Health  Vol.8 No.13 , October 2016
The Relation of Sleep, Distress, and Coping Strategies—What Male and Female Students Can Learn from Each Other?
Abstract: Sleep quality, distress, and coping strategies differ between male and female students. However, effects of gender on their relation have not been evaluated. Therefore, the primary aim of this study was to confirm gender differences on sleep quality, chronic distress, and various coping strategies, as well as to examine gender differences in their relation to each other. A cross-sectional online study including several sleep-related self-report measures was completed by 6379 German students. After excluding all cases with missing data on the variables gender, psychiatric disorder, and medication, the final sample consisted of 5889 students with a mean age of 23.10 years (SD = 2.67) for men and 22.64 years (SD = 2.56) for women. Data from the Pittsburgh Sleep Quality Index, the Trier Inventory for Chronic Stress, and the Proactive Coping Inventory were analyzed. Results showed that women reported to have a poorer sleep quality, a higher level of chronic distress, and use social support more often than men. The hypothesized model revealed gender differences on the model level. However, these differences only occurred between avoidance coping and distress, as well as between various coping strategies. The biological gender influenced each of those three variables, but barely their relation to each other. Participants’ gender role might explain gender differences in coping strategies and their impact on distress. Furthermore, the type of stressor and subjective or objective measured sleep parameters might show more gender differences on this relation. Conclusively, gender-specific trainings or interventions are not necessary, however, gender differences should be considered during the implementation process.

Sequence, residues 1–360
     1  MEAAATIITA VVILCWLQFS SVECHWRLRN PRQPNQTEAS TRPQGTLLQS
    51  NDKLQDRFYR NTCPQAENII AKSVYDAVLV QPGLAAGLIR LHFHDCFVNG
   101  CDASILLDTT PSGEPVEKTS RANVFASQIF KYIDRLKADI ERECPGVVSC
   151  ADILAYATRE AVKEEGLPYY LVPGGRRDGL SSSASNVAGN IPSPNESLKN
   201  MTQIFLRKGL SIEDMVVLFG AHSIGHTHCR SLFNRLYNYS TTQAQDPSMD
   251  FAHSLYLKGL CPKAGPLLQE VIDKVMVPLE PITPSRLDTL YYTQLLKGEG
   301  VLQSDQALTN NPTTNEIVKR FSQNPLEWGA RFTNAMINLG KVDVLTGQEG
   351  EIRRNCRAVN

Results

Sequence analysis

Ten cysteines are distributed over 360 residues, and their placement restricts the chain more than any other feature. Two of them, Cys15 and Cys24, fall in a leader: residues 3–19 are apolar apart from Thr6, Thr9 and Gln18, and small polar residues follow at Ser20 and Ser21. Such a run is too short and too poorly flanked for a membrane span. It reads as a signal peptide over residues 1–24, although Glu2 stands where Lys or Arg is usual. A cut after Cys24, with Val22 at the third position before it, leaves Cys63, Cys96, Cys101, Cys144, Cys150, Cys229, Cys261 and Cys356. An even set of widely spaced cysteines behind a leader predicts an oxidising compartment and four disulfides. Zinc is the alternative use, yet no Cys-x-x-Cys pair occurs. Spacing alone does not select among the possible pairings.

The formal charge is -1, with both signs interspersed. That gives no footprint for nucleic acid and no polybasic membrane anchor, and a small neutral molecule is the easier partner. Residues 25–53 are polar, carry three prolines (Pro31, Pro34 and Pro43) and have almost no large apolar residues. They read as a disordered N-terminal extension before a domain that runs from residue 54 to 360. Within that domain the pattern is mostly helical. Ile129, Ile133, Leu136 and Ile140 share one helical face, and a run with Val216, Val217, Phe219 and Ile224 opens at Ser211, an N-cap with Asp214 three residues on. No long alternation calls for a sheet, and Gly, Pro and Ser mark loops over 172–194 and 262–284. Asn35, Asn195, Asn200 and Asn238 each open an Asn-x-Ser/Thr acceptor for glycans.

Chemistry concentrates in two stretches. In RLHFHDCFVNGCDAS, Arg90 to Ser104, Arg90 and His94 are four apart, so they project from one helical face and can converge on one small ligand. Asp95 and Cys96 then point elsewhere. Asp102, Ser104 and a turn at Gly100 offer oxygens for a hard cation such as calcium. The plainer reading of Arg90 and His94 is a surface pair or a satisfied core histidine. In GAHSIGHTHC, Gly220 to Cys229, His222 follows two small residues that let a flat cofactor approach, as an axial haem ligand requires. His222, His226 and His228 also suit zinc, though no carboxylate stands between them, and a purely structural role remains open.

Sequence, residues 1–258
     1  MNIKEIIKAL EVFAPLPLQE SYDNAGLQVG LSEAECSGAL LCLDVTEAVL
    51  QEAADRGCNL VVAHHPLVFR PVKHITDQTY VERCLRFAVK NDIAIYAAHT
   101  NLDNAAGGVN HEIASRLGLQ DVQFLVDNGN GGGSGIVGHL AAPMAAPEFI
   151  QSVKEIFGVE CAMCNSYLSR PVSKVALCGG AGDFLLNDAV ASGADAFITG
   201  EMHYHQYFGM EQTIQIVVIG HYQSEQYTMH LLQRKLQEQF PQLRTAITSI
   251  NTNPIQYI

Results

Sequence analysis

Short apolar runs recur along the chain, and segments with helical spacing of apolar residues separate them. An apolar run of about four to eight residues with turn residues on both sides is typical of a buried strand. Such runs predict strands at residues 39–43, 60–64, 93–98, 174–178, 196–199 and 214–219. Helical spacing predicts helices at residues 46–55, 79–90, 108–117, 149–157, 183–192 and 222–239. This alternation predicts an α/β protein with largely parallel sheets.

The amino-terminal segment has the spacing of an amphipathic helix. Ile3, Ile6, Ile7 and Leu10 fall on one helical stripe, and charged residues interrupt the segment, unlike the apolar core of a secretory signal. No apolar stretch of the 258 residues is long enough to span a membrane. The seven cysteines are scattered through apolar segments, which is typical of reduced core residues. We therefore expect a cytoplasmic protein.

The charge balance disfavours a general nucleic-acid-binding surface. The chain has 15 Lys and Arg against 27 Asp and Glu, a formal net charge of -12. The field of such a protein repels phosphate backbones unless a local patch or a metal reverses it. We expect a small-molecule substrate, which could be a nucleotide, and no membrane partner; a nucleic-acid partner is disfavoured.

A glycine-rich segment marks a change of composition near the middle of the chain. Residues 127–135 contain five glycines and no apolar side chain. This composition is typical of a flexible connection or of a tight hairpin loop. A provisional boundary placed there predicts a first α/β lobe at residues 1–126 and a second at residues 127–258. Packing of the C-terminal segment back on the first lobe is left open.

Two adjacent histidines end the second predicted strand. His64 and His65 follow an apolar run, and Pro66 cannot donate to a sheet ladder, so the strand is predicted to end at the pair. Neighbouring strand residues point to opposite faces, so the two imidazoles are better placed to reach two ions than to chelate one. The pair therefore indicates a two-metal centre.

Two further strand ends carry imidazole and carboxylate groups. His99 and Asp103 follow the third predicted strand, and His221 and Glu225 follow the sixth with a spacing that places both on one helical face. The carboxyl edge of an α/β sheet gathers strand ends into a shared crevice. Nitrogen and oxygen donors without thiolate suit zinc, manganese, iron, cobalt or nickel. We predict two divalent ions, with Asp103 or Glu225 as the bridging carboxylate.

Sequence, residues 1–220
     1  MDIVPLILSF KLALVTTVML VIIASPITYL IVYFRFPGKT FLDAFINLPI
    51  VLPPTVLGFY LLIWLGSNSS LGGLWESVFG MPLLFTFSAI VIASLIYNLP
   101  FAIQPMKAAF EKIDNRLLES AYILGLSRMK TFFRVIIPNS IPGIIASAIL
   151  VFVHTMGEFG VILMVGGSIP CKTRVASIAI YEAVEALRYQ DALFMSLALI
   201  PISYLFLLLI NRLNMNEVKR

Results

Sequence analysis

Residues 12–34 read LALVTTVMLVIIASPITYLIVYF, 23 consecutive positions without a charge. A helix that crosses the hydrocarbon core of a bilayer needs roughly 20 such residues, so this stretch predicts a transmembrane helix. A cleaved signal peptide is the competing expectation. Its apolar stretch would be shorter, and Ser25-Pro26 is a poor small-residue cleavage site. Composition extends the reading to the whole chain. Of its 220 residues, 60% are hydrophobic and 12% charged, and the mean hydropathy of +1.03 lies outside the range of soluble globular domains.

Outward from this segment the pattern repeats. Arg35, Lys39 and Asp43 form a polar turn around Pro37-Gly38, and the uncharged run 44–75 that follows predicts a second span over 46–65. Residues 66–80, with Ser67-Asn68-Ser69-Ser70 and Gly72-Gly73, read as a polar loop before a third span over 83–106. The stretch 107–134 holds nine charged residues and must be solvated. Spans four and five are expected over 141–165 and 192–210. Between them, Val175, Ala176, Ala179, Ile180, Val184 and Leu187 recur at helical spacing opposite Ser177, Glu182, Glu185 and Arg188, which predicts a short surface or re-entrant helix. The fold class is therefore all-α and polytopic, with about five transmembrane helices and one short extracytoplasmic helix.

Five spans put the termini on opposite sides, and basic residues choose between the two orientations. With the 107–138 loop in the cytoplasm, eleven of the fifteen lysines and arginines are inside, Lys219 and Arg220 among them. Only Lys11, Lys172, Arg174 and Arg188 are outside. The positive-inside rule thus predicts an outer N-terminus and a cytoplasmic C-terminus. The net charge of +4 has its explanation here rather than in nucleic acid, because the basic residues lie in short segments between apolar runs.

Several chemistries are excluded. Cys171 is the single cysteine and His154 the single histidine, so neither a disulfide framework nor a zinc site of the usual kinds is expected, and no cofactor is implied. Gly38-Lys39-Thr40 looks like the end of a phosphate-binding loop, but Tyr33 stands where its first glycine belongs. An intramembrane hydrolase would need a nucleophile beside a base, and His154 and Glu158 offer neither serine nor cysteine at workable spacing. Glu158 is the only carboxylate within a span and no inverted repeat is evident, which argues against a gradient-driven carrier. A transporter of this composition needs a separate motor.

Cite this paper: Faber, J. and Schlarb, A. (2016) The Relation of Sleep, Distress, and Coping Strategies—What Male and Female Students Can Learn from Each Other?. Health, 8, 1356-1367. doi: 10.4236/health.2016.813136.

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